It would be fair – and perhaps rather unsurprising - to say that 2020 is shaping up to be a very different year for Alzheimer Scotland, presenting challenges that have never been encountered before during our 40-year history.

With our Dementia Resource Centre doors closed and community activities suspended, we have had to adapt how we work as a charity, introducing virtual support services to ensure we are still reaching those who need us. We are also taking the time to reflect and recognise the profound impact that coronavirus has had on many people with dementia and their carers.

Social isolation, loss of support networks and disrupted routines have been a huge challenge for those living with dementia during lockdown. Calls to our 24-hour freephone helpline have increased by over 30% since March and we continue to work hard to meet this demand. We already know the real difference we are making across Scotland from the feedback and stories families have shared:

“You just don’t realise how much you need something until it’s taken away from you. I really value Alzheimer Scotland keeping in touch and appreciate all you do. It’s great to hear your voice and lovely just to speak to someone”

“I never knew how important the dementia café was until it stopped. It is just great to see my friends again and I feel proud of myself for getting online and joining the virtual Dementia Cafe. Thank you for giving me something to look forward to again.”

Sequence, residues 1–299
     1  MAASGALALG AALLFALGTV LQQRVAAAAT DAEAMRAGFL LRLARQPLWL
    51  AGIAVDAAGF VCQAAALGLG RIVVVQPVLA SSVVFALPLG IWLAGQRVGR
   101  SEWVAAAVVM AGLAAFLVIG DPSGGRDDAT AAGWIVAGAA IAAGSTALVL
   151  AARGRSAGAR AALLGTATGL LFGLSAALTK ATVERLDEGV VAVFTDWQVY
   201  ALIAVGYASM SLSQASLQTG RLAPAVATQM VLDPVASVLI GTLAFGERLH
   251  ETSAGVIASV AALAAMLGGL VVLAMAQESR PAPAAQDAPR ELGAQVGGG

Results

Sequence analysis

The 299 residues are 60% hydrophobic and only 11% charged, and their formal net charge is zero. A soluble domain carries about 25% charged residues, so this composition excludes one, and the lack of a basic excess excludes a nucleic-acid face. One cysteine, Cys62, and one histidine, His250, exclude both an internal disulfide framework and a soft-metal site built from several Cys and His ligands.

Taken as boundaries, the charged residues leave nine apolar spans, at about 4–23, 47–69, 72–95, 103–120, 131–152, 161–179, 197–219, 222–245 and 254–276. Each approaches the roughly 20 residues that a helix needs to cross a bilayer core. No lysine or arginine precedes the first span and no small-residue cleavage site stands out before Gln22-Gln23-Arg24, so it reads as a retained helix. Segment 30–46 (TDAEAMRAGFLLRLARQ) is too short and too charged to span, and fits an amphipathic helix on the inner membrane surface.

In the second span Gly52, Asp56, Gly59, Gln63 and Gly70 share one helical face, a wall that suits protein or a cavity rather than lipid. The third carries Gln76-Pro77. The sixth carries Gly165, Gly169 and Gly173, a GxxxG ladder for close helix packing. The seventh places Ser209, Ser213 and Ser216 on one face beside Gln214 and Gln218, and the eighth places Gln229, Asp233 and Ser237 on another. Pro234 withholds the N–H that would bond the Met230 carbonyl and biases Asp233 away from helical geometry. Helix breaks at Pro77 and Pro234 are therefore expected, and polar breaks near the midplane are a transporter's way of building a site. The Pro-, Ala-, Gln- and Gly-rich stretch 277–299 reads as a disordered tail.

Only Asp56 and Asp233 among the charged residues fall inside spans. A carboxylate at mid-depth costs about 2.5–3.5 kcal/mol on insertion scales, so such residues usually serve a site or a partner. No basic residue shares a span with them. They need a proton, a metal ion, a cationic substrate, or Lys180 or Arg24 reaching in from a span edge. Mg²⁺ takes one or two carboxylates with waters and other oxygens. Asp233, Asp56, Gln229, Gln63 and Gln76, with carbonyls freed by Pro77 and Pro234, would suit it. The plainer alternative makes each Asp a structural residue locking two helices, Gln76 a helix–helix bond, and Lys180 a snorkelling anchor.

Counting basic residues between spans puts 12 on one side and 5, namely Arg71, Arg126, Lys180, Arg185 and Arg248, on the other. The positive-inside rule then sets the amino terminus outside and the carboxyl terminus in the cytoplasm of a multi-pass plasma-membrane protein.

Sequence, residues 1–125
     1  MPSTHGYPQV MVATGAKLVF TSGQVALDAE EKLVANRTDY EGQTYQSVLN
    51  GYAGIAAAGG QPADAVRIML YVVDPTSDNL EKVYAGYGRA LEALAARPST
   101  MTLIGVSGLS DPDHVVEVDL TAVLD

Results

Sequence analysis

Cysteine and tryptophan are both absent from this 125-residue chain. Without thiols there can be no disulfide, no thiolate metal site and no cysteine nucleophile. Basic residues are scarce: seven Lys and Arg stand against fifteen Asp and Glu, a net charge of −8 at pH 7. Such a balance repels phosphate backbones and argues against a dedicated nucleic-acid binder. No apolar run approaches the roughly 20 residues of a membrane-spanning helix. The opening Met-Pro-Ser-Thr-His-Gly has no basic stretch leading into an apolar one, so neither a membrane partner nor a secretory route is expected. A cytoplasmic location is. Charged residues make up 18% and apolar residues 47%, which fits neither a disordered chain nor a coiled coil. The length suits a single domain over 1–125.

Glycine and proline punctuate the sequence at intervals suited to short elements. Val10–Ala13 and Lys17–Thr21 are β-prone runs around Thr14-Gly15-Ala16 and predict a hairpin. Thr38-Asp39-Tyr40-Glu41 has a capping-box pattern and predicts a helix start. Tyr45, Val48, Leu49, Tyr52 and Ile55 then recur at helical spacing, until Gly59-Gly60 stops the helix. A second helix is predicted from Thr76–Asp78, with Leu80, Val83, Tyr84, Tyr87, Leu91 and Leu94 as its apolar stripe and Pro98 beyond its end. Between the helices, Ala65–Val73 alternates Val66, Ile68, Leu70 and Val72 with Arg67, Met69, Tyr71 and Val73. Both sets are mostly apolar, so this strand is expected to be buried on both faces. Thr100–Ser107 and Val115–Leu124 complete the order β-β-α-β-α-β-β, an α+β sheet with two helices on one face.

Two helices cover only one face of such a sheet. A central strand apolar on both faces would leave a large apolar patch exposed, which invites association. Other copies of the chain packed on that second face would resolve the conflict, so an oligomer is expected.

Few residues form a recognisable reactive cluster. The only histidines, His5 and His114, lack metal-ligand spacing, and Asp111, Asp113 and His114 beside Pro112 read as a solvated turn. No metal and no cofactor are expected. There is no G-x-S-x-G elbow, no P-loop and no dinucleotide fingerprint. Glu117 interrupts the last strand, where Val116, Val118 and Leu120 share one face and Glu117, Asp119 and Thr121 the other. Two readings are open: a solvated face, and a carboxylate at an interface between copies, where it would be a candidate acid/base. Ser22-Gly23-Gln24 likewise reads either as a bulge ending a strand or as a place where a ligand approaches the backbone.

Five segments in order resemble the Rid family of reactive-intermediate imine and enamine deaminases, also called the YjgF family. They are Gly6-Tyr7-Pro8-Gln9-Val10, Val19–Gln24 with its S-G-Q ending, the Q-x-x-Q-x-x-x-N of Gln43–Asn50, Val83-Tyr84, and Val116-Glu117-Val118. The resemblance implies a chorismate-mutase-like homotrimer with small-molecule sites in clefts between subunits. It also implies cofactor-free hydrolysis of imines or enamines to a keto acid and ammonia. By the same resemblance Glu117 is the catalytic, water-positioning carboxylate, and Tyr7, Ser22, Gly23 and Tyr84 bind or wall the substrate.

“Thank you for keeping in touch, I now feel that there is someone there and I have not been abandoned.”

More than ever, it’s vital that people with dementia feel connected, informed and part of our community – and we strive to support them and ensure that no one is alone.

Our Chief Executive, Henry Simmons recently wrote an open letter to the Sunday Post, which highlights the human cost of coronavirus on our community and the agony of families who have been kept apart from their loved ones, unable to spend quality time together. Quite simply, the people we support have never needed us more.

Fortunately, there is much that can be done to help Alzheimer Scotland share this message:

  • Shout it out – Use your social media platform to share our messaging, signpost people to our 24 hour helpline (0808 808 3000) or highlight our suite of online coronavirus resources. Follow us on Twitter, Facebook, Instagram and on LinkedIn … and let’s make a noise!
  • Do it for Dementia - Coronavirus is seriously disrupting our ability to raise funds. We know not everyone will be in a position to donate or take part in a virtual event, but if you can, we would be so grateful.
  • Lend a hand – Commit to supporting Alzheimer Scotland as a volunteer. Please get in touch directly and we can let you know what opportunities there are in your area.

Lastly, we would like to thank Brodies for choosing Alzheimer Scotland as its charity partner, and we look forward to working with the firm over the next three years. Working together, our partnership aims to make a big difference and effect real change for those living with dementia across Scotland.

Some of the lawyers who specialise in personal law have already helped to raise awareness of the key issues that individuals and families affected by dementia should be aware of, and how the law can help. Their posts on wills, powers of attorney, living wills and a guest post by ex-public guardian Sandra MacDonald on the value of a Statement of Wishes and Feelings are all still available to read.


Claire du Preez

Partnerships Manager. Alzheimer Scotland